A series of traditional Thai performing arts, many of them based on works written by His Majesty the late King Bhumibol Adulyadej, will be staged as part of the Royal Cremation
THE WHOLE world will have its eyes trained on Thailand on October 26 as the country pays a final farewell to His Majesty the late King Bhumibol Adulyadej in a ceremony that can trace its roots back to the Ayutthaya era.
As tradition demands, the Royal Cremation will be held on the open field known as Sanam Luang to the north of the Grand Palace, which has served as the royal cremation ground since the founding of Bangkok on April 21, 1782. The event will not only stun international viewers with its splendour but make its own mark on history with the grandest royal crematorium ever constructed, solemn ceremonies as well as public performances designed to pay a final tribute and farewell to the former monarch and accompany his soul to heaven.
About 3,000 artists will take part in public performances portraying the greatness of the monarch in front of the crematorium and on three stages on the North side from 6pm on cremation day until 6am the next day and signal the end of the official mourning period.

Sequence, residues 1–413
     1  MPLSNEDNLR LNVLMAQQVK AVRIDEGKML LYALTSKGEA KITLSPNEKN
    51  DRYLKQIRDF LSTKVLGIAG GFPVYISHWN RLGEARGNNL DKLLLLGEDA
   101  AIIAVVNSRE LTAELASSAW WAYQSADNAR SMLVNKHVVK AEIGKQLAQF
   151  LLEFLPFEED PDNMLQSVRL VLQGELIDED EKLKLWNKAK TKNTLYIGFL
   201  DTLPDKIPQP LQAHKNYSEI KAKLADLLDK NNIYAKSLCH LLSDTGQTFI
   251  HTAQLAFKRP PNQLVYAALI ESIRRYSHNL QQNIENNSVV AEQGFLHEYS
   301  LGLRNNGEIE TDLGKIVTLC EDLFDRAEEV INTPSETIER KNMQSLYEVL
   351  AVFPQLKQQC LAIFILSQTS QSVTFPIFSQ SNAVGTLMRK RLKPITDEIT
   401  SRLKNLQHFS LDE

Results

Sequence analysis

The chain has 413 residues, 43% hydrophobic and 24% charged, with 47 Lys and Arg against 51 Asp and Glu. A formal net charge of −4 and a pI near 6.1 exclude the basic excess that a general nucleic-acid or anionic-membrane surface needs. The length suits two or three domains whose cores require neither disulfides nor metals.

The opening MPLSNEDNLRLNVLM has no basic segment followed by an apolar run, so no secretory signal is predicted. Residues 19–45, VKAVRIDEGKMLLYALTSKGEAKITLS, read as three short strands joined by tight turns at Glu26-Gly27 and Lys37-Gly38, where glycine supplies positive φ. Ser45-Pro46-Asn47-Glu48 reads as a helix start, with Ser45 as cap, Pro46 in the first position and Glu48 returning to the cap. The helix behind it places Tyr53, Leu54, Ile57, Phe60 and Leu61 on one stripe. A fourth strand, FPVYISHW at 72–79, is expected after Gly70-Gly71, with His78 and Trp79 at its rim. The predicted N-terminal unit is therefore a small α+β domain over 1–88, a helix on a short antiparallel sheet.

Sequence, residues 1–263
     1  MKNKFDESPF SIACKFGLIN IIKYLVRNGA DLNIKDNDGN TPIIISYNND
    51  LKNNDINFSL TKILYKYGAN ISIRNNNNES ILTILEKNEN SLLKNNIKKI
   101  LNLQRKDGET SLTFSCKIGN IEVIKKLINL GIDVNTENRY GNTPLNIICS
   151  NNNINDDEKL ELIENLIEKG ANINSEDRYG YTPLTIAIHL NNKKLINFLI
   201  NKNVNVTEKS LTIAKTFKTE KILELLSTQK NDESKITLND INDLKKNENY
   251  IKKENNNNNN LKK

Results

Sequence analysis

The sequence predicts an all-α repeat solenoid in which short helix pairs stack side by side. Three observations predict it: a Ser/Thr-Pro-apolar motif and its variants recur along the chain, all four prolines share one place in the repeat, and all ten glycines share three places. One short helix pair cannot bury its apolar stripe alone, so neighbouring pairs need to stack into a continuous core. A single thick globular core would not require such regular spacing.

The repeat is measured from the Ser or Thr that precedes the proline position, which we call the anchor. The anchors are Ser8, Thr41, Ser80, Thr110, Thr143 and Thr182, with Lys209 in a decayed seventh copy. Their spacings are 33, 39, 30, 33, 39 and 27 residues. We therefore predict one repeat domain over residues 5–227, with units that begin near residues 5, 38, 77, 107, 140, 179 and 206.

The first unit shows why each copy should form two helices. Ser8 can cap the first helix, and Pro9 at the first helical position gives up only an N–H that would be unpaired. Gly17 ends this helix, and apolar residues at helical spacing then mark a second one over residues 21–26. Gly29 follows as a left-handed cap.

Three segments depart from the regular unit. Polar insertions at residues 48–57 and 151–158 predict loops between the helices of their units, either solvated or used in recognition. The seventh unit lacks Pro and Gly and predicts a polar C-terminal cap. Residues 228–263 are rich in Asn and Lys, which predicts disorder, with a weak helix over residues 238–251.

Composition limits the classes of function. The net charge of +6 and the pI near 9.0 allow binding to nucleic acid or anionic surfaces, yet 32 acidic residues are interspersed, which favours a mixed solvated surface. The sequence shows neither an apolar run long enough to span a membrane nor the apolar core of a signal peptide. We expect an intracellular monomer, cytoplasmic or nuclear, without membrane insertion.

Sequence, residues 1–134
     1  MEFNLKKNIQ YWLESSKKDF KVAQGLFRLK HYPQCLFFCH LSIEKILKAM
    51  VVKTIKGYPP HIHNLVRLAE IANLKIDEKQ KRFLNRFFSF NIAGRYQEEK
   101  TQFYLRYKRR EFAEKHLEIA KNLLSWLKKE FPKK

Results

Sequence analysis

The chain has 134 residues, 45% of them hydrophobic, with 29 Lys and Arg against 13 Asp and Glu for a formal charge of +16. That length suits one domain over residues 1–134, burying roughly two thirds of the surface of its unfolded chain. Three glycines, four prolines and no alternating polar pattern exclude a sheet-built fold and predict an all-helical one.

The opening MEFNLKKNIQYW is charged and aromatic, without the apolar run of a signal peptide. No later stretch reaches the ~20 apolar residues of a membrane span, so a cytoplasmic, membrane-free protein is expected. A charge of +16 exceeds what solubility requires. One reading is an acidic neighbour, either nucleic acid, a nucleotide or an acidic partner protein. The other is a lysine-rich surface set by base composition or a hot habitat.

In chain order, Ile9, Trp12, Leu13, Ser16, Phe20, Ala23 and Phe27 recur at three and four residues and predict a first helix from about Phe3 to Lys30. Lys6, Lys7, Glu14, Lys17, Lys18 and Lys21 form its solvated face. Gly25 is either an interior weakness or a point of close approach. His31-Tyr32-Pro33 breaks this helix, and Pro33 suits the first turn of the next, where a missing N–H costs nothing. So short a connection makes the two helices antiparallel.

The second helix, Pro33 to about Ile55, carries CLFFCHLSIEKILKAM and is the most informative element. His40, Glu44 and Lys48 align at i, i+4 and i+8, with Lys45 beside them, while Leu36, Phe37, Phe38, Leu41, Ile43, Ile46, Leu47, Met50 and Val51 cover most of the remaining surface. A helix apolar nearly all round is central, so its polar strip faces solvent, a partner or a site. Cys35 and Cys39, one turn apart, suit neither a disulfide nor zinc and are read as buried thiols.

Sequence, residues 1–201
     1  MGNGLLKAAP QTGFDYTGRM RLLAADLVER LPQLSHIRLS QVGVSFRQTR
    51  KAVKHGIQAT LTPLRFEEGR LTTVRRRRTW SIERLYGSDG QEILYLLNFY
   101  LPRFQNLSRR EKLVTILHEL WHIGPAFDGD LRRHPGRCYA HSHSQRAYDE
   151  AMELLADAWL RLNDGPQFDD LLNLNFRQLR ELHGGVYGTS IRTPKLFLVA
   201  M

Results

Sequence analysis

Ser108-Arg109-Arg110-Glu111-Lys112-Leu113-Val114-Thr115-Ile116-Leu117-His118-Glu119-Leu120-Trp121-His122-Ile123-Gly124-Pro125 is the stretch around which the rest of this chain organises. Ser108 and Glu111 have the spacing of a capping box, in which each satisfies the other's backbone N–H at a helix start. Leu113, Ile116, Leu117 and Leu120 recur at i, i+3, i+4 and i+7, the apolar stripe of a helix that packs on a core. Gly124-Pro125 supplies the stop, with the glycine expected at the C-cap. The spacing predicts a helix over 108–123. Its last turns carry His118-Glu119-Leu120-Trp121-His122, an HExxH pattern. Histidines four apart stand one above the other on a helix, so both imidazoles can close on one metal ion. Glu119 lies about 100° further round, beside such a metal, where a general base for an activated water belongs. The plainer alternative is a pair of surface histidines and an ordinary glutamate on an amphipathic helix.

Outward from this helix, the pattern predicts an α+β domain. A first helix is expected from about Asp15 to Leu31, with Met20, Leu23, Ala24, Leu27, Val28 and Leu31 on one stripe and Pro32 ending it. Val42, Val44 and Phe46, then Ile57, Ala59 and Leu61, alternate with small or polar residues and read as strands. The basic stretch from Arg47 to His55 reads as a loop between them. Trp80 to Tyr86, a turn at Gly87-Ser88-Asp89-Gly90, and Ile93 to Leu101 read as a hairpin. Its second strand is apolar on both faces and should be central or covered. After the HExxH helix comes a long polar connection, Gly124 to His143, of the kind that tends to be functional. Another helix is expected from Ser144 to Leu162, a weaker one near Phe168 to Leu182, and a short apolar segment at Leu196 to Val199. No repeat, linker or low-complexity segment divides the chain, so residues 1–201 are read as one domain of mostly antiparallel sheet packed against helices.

“The traditions disappeared after the reign of the King Rama VI but were revived during the reign of King Rama IX. Her Royal Highness Princess Maha Chakri Sirindhorn ordered that the tradition of all public performances be preserved for the Royal Cremation. These traditions first reappeared during the royal cremation of the Princess Mother in 1996,” says drama expert Chaovalit Soonpranon, chairman of the performance committee for the Royal Cremation.
In the Rattanakosin period, public performances took place for the first time during the Royal Cremation of Somdet Phra Pathom Borommahachanok, the father of King Rama I, in 1796. They were discontinued in the reign of King Rama VI for the Royal Cremation of King Rama V, according to the government website, Rama9.net.
Records show that public performances for the occasion have included the khon masked drama, apuppetry, shadow plays, Chinese opera, Mon dances, thep thong dances, stunt shows and acrobatics. For this occasion, the government is not only sticking to tradition but also adding more unique performances as the country honours the late Monarch’s artistic talents.